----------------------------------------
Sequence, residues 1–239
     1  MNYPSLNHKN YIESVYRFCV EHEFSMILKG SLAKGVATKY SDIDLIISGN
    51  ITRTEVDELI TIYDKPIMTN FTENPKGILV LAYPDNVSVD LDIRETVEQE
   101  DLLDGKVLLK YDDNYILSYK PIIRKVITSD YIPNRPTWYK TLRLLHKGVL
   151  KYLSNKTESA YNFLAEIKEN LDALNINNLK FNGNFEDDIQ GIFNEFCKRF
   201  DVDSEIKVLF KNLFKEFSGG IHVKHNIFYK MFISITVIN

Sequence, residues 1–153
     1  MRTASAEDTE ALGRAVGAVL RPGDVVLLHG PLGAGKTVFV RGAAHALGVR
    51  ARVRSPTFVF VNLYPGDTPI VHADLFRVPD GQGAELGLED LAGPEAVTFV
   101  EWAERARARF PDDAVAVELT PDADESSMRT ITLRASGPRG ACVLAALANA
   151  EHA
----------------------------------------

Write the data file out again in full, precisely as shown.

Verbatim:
Sequence, residues 1–239
     1  MNYPSLNHKN YIESVYRFCV EHEFSMILKG SLAKGVATKY SDIDLIISGN
    51  ITRTEVDELI TIYDKPIMTN FTENPKGILV LAYPDNVSVD LDIRETVEQE
   101  DLLDGKVLLK YDDNYILSYK PIIRKVITSD YIPNRPTWYK TLRLLHKGVL
   151  KYLSNKTESA YNFLAEIKEN LDALNINNLK FNGNFEDDIQ GIFNEFCKRF
   201  DVDSEIKVLF KNLFKEFSGG IHVKHNIFYK MFISITVIN

Sequence, residues 1–153
     1  MRTASAEDTE ALGRAVGAVL RPGDVVLLHG PLGAGKTVFV RGAAHALGVR
    51  ARVRSPTFVF VNLYPGDTPI VHADLFRVPD GQGAELGLED LAGPEAVTFV
   101  EWAERARARF PDDAVAVELT PDADESSMRT ITLRASGPRG ACVLAALANA
   151  EHA